When traveling, we see a lot of bad. What matters is what we do with these experiences. My new moto is: “I can’t go back from what I’ve seen.” Once you’ve seen certain things you have a sense of responsibility to make a difference.
For example, when I was in Nepal I saw children living in shacks along a river fully contaminated by trash flowing onto the shoreline. In America we take 30 minute hot showers with no care in the world, there they only have electricity for a few hours a day and you only get a warm shower if the sun is out.
In Morocco there were children as young as 3 or 4 out begging to make a living for their family instead of going to school.
In Bangkok, Thailand there are families with children living in shacks underneath highways. Some people spend their whole lives working as maids. I was working as an Au Pair in Bangkok. I’ll never ever forget when we were visiting a friend of theirs who was well off. We had just finished dinner and I went into the kitchen. I peaked around the corner and there were a few girls as young as 10 all huddled around a little tv on the floor next to all of the shoes. I thought to myself, that could be my sister.
Unfortunately people in more developed countries have no idea how well-off they truly are. According to World Food Day, 30-40% of food in the US is wasted. Moderating the amount of food you buy and planning out your meals can prevent some of this waste.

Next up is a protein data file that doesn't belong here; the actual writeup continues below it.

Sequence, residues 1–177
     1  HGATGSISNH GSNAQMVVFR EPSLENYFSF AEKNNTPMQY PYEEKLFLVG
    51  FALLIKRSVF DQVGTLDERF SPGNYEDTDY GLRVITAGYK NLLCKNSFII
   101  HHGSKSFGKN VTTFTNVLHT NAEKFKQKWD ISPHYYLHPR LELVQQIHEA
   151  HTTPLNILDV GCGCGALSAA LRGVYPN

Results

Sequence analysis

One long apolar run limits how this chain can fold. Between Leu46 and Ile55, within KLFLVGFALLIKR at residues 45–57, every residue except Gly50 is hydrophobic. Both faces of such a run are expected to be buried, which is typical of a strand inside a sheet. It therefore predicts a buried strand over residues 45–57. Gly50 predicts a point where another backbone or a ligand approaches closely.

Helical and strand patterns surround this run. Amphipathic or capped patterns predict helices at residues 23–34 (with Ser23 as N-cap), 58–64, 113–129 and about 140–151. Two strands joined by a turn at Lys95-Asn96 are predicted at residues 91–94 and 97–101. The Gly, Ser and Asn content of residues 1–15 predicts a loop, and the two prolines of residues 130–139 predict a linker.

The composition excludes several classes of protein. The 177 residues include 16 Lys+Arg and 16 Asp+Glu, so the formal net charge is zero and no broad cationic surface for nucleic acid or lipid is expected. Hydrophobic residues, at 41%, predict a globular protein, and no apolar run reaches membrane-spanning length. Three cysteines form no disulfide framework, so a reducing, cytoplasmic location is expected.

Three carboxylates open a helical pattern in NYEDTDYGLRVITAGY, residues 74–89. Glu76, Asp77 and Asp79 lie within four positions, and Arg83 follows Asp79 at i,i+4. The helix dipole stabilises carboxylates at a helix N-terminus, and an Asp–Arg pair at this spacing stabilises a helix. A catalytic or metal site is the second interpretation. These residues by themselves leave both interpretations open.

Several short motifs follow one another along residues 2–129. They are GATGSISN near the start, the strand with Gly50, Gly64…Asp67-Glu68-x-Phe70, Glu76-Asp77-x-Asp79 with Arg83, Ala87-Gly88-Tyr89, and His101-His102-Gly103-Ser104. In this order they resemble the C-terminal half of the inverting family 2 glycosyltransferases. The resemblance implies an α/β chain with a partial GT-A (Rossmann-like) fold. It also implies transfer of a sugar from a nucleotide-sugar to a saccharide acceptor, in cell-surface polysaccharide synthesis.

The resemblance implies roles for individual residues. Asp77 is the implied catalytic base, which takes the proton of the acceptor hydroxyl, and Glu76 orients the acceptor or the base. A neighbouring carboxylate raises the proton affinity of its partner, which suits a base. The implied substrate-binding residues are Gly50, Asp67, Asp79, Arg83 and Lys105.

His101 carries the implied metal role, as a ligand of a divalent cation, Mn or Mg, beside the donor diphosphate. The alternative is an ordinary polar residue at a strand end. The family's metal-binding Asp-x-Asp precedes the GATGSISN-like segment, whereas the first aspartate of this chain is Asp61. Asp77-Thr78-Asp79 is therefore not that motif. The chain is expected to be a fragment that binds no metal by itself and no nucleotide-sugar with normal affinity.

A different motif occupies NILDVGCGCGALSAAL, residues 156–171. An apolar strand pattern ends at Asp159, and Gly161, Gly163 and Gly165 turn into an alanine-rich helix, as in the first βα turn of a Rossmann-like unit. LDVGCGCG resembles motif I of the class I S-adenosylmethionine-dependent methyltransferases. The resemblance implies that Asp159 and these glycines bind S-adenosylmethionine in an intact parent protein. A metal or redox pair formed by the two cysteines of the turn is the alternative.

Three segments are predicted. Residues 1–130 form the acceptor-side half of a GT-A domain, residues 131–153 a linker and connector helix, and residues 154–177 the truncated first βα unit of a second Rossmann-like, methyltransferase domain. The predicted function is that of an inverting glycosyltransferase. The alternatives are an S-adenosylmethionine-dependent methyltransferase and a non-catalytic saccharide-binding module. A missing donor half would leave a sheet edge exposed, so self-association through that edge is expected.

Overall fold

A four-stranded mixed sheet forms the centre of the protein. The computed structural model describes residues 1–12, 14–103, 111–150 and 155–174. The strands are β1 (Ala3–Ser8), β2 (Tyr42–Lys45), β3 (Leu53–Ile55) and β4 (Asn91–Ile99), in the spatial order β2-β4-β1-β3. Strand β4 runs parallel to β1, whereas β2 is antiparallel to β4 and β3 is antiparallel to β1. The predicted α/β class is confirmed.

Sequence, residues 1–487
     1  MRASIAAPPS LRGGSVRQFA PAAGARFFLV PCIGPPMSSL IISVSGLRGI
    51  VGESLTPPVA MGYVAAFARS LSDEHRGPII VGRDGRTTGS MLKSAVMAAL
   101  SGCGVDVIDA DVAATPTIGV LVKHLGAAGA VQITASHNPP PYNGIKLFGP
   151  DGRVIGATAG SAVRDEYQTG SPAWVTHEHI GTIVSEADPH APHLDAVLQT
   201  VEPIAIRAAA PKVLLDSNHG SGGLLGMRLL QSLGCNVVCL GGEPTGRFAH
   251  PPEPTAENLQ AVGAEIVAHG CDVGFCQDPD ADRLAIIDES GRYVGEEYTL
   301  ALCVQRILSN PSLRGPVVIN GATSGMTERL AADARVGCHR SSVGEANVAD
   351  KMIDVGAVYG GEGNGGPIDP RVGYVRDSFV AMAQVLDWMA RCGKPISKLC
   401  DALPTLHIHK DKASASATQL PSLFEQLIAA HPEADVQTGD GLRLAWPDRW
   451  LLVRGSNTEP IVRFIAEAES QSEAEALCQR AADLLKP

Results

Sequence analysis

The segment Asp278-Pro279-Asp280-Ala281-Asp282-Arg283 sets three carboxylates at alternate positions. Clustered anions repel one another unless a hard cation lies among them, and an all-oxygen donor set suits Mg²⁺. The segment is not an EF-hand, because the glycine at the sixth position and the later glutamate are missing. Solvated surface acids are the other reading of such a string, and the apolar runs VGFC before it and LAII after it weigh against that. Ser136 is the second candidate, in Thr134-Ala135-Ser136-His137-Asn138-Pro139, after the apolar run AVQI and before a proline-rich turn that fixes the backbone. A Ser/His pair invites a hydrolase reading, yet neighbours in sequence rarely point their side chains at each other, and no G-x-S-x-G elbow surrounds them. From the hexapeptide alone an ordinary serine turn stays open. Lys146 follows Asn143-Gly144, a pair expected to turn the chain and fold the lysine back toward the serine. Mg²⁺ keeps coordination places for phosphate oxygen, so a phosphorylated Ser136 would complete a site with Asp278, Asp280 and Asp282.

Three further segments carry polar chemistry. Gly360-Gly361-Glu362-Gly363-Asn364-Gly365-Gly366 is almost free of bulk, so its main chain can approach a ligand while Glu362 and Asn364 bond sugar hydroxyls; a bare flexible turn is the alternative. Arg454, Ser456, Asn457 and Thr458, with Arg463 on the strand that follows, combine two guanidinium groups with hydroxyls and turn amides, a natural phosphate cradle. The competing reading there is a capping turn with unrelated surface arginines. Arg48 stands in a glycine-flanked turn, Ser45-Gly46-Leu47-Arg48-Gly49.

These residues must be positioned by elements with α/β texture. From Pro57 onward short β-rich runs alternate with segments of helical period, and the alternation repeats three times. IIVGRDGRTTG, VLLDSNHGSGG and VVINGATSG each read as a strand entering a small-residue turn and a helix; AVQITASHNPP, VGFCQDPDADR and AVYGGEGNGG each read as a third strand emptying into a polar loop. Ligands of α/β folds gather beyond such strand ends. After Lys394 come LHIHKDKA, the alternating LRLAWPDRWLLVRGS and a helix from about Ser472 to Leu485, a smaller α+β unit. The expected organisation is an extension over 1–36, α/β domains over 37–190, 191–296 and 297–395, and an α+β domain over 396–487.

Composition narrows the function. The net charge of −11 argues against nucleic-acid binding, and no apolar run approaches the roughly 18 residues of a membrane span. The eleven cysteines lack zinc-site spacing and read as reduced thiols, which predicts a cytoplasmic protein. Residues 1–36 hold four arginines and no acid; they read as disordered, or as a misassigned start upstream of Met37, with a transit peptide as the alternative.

When I see these contrasts in living standards I ask myself, “How can I make an impact?”
I believe that through travel education, we can become aware of what’s going on in the world. Not by watching the news, but by experiencing it in person. There’s nothing like hearing people’s stories and being one to help change it.
Following certain career paths can give you the necessary skills to bring change. Becoming a doctor to serve the sick, becoming an economist to help a broken government rebuild, becoming a politician to heal corruption. You may be able to make a bigger impact with an education.
Whether you have a degree or not, you can still help. Even speaking English is a valuable skill. Teaching English to children widens their future opportunities. You can use websites like WWOOF or Helpx to find volunteer opportunities. Serving people not only gives you a feeling of satisfaction but builds upon your skills and experience.
Are you living your life only for your own happiness? Are you doing something to impact the lives of people? What are you contributing to the world?